5.4.5. Equity Issues
People in many parts of the world are dependent on wildlife for all or part
of their daily nutritional needs. A typical adaptive response to this situation
would be to replace all or part of this food with store-bought products. This
might be feasible in areas near developed societies but could become increasingly
difficult in more remote communities. However, there is more to subsistence
hunting than the capture of food. Subsistence hunting plays a major role in
the culture of Cree communities in northern Canada. "The killing, preparation,
sharing, and consumption of game is central to the seasonal renewal of social
relations in Cree villages, and of a relationship to the land which is both
secular and sacred in importance" (Scott, 1987). Even if compensations
or substitutions for subsistence uses could be made, there still would be equity
issues stemming from the loss of culture associated with this way of life.
Many of the aforementioned potential adaptations are more applicable to developed
countries than in developing countries. For example, the use of leased honeybees
is not applicable to crops fertilized by flying foxes or other wild animals.
The same can be said of many forms of seed dispersal. Increased use of pesticides
may require more capital than is available to small farmers in some developing
countries (Pimentel et al., 1992). Adaptations that may be practical for developed
countries simply may not be equitable for developing countries.
5.4.6. Vulnerabilities, Sensitivities, Uncertainties
In trying to understand and predict potential impacts of climate change on
wildlife species, some species and geographic areas are found to be at greater
risk than others. Species with small populations, restricted ranges, and specific
habitat requirements often are most vulnerable (see Section
Migratory species may be especially vulnerable because they require separate
breeding, wintering, and migration habitats. In many cases, one or more of these
habitats could be at risk because of climate change and other habitat loss.
For example, a large portion of the eastern population of the monarch butterfly
(Danaus plexippus) winters in a small region of warm-temperate dry forest in
Mexico. With climate change, this area is projected to contain trees that are
more typical of a subtropical dry forestprobably unsuitable for wintering
monarchs (Villers-Ruíz and Trejo-Vázquez, 1998). The relative
vulnerability of shorebird migration sites in the United States varies, depending
on local geomorphologic and anthropogenic factors, and these factors could exacerbate
the effects of sea-level rise. For example, southern San Francisco Bay could
lose most of its intertidal feeding habitat with a 2°C average temperature
rise (medium confidence) (Galbraith et al., 2001).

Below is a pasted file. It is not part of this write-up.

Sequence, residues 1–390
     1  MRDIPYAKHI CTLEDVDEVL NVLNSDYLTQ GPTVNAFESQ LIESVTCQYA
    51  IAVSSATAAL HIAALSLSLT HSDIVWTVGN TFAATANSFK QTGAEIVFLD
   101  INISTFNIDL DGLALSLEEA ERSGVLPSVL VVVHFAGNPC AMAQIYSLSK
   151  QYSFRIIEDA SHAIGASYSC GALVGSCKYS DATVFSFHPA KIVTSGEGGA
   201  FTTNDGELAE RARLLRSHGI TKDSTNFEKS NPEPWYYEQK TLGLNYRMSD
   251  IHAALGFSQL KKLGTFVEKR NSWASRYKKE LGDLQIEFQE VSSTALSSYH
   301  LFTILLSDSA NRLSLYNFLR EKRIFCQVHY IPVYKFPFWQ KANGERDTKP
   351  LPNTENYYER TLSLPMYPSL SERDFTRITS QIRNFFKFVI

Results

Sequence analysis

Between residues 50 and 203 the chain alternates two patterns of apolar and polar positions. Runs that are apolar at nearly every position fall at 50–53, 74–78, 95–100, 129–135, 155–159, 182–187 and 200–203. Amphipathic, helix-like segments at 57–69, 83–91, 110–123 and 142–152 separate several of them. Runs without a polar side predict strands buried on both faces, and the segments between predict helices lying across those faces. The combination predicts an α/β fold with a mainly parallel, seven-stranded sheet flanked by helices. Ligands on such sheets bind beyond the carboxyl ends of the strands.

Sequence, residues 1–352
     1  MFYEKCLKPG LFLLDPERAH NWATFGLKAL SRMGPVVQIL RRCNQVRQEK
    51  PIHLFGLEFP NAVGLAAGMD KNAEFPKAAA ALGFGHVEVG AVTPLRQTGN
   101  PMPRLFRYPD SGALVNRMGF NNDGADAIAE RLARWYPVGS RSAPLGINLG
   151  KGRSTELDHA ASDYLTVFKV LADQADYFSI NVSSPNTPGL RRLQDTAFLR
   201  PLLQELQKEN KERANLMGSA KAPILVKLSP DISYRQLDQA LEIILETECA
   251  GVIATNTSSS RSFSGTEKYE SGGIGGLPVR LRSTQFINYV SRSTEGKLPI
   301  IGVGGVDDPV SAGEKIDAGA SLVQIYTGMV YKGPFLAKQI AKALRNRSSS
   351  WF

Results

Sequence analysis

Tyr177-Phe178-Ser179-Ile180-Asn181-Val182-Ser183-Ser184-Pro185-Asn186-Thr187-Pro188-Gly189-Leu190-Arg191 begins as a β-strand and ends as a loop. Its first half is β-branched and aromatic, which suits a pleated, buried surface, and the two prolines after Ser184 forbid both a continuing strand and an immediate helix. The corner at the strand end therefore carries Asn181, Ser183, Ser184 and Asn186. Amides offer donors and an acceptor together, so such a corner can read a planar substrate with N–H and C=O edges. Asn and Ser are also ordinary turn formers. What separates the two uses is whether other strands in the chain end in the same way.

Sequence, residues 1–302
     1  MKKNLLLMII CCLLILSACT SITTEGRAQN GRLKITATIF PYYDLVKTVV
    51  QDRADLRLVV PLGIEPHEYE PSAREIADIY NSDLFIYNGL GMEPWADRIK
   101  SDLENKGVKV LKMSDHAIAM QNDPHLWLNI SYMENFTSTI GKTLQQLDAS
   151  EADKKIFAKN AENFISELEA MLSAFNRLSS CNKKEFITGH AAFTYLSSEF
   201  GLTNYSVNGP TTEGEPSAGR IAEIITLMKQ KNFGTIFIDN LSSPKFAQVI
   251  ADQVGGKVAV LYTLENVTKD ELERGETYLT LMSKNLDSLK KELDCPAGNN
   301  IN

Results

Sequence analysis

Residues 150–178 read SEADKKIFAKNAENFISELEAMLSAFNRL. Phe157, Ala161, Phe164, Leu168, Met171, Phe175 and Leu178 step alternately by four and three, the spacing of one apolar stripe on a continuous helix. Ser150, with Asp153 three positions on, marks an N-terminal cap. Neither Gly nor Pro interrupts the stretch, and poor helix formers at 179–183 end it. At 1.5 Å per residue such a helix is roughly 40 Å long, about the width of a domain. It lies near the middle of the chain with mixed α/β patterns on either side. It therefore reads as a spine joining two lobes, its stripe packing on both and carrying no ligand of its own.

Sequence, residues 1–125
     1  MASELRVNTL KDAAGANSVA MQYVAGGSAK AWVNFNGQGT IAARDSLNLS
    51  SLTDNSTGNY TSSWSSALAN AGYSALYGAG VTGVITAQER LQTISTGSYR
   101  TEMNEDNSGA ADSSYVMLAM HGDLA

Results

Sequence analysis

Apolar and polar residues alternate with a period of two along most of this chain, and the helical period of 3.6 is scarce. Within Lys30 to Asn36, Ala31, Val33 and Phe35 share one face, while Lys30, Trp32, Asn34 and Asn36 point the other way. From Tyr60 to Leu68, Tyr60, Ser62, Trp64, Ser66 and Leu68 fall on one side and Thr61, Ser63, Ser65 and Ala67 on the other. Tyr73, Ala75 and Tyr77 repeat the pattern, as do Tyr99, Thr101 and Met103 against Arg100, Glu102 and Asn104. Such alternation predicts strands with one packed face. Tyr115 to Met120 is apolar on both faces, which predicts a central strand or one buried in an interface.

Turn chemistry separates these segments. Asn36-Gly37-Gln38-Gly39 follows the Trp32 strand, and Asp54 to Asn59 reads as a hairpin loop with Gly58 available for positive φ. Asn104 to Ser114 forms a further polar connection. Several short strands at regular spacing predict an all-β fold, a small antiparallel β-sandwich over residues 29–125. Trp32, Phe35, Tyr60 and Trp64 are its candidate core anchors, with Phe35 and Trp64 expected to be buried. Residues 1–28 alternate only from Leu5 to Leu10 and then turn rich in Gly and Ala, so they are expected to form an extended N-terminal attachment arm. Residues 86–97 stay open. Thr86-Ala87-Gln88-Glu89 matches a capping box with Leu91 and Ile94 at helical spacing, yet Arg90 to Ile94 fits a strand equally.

One key region of concern is the Arctic and Antarctic, where the temperature
increase is projected to be large and changes to habitat availability and accessibility
(e.g., freezing and thawing of sea ice and tundra) are expected. Such changes
may hamper migration, reproduction, and survival of many species, including
birds, polar bears (Ursus maritimus), caribou, and musk-oxen (Jefferies et al.,
1992; Stirling and Derocher, 1993; Gunn and Skogland, 1997; Stirling, 1997).
Many biological uncertainties exist in the understanding of ecosystem processes.
Nevertheless, the balance of evidence suggests that projecting impacts of climatic
change on a variety of wildlife species is possible (medium confidence). Laboratory
and field studies have demonstrated that climate plays a strong role in limiting
species' ranges (high confidence). Only a small fraction of all species have
been monitored long enough to detect significant trends. Most monitored species
that show significant trends have exhibited changes over the past few decades
that are consistent with local warming and expected physiological responses
(high confidence). However, potential specific changes in wildlife resulting
from climate change can be projected only with low confidence for most species
because of many possible contributing factors, such as habitat destruction and
exotic invasive species. Some species clearly are responding to global change
(see Section 5.4.3), and many more changes probably have
gone undetected. Researchers are in the process of coupling these discernible
changes with various biological theories regarding climate and species spatial
and temporal patterns; through this process, we expect that reliable general
projections can be and in fact are being made (high confidence).
Scientists also need to develop a better understanding of how all of the components
of ecosystems work together. The role each species plays in ecosystem services,
in wild and managed systems, is necessary to understand risks and possible surprises
associated with species loss. Without this information, the probability of surprises
associated with species loss is high (medium confidence).